Jake Redcorn had never bought a Mega Millions ticket before, but on Thursday he walked out of a convenience store with six of them.
The supervisor at Dole Foods in Wichita was among millions of Americans lured into buying Mega Millions tickets by the biggest lottery jackpot of all time.
When Redcorn bought his tickets late Thursday afternoon, the jackpot had reached a staggering $540 million. By noon Friday, it had reached $640 million.
“I probably have better odds on this than I do on the blackjack tables at the Kansas Star,” Redcorn said.
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And if he wins?
“I got eight children,” he said. “They’d find ways to spend it.”
He – and everyone else buying tickets – will find out tonight if there’s a new multimillionaire. The drawing will be held at 10 p.m. Tickets may be purchased until 8:59 p.m. If one ticket matches all six numbers for the jackpot, the winner will have the choice of receiving the full jackpot in 26 annual payments of about $20.7 million, or a cash option of approximately $389.8 million.
The Mega Millions jackpot has been growing since January, when an Atlanta woman won a piddly $72 million. It was already in the stratosphere when nobody won Tuesday’s drawing. After that, sales really began to spike, pushing the jackpot higher and higher. By midday Wednesday it had reached half a billion dollars, and on Thursday it went even higher.
Today, the jackpot is expected to grow again, but at this point does it even matter?
“It’s a frenzy,” said Cara Sloan-Ramos, spokeswoman for the Kansas Lottery.
“Astronomical,” is the way Stayce Smith, assistant manager of the Kwik Shop at 2809 E. Douglas, described it.
The store usually sells $100 to $200 worth of Mega Millions tickets in a week, she said. On Thursday, it had sold $500 to $600 by midafternoon.
Smith was planning to buy a ticket before leaving work.
Mega Millions officials say the game, which began in 2002, has overtaken Powerball as the most played multistate, mega-jackpot lottery game. People are buying tickets in 42 states plus the District of Columbia and the U.S. Virgin Islands.
The biggest previous jackpot also was Mega Millions. In 2007, two players from Georgia and New Jersey shared $390 million. The highest Powerball jackpot was $365 million in 2006 and was shared by eight employees at a meat processing plant in Lincoln, Neb.
Sales of Mega Millions tickets in Kansas were projected to be three times normal. Lottery officials were advising people not to go overboard and not to spend more than they normally would allocate for entertainment.
According to Mega Millions, the odds of winning the jackpot are about one in 176 million. You are far more likely – by a factor of 10 – to be killed by lightning.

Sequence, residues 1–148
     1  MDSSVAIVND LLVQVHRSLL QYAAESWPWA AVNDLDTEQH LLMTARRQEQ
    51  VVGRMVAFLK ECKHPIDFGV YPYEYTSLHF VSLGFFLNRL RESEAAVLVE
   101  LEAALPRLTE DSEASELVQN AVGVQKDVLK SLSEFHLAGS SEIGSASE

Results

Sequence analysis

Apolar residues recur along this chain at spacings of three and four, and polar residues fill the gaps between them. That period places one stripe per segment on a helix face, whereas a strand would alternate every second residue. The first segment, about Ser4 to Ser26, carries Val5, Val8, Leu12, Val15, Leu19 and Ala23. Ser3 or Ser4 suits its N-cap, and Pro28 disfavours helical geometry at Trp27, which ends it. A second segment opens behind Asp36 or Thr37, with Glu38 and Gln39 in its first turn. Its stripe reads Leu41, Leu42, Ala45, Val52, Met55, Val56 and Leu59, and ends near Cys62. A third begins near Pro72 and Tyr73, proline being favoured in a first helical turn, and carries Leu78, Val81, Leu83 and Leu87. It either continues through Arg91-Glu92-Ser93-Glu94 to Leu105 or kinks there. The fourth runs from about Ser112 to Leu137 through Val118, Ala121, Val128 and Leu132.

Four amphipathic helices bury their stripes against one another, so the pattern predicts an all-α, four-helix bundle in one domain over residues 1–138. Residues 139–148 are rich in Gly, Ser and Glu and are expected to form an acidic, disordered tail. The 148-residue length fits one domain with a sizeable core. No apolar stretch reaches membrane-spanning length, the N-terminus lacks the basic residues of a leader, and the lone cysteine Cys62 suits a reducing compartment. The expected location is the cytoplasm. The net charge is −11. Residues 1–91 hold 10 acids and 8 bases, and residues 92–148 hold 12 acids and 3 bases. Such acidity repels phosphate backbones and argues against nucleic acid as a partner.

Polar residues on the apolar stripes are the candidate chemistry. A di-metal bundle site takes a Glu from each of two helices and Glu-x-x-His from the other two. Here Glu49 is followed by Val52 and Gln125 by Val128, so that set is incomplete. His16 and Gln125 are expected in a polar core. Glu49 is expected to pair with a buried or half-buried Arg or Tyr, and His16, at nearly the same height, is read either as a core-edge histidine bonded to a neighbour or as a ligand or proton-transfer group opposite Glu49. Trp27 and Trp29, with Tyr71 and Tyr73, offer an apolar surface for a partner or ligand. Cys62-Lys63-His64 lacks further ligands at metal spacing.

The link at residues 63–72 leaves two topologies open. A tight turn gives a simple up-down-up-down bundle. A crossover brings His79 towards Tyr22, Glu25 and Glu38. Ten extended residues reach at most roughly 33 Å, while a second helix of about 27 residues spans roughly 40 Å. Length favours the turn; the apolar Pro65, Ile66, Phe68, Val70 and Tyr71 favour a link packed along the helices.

“One can think of it as rolling a die, and you are rolling a 176 million-sided die,” said Thomas Fisher, assistant professor of statistics at the University of Missouri-Kansas City.
The good news is the odds don’t change no matter how many people are playing. Every $1 ticket has the same chance of winning as any other. But if you buy two tickets, you have two chances with the same odds.
Most were buying multiple tickets to improve their odds.
Deanna Ponting, a mother of four who is going to school to become a medical assistant, bought five tickets, with big dreams riding on each.
Her wish list:
“Pay my bills off, buy me a house, buy me a car, share the money with my mom and my sister, make sure my kids would be OK,” she said.
“Any time I’ve ever bought these tickets before, I’ve only won maybe a dollar,” Ponting said. “But I’m going to try. It’s a lot of money.”
Carolyn Burnett, a customer service rep from Wichita and mother of eight, bought a few lottery scratch tickets on Thursday, but she planned to return that night to buy a Mega Millions ticket and play her own numbers.
She knew others who planned to buy tickets as well.
“I don’t care if they get theirs,” Burnett said. “I’m getting mine.”
Nicky Gillen of Wichita planned to get a few tickets, too, hoping to help her parents and open a shelter for homeless families.
A single unemployed parent with two boys, Gillen has been homeless in the past, she said. She discovered that families can’t always stay together in shelters.
“I would make sure that anybody that needed it could have a room, bed, food, and families could stay together,” said Gillen, who lives in a house now. “I think that’s what the community needs.”
She’d also spend a few million on stuff she doesn’t need, like cars, travel and a big wardrobe, she said. Usually, she has to choose between food and gas, she said.
“I’ve never had money like that to blow,” Gillen said.
Brian Hawks, a father of two boys who works at a medical supply warehouse in Wichita, said if he wins he’ll buy a car and a house, travel, make sure his kids have money for college, and give money to people that need it.
He’d select charities such as the heart and diabetes associations to help. His mother died from diabetes, he said.
“I probably wouldn’t be able to spend that much money in my lifetime,” Hawks said.
Contributing: Matt Campbell and Eric Adler of the Kansas City Star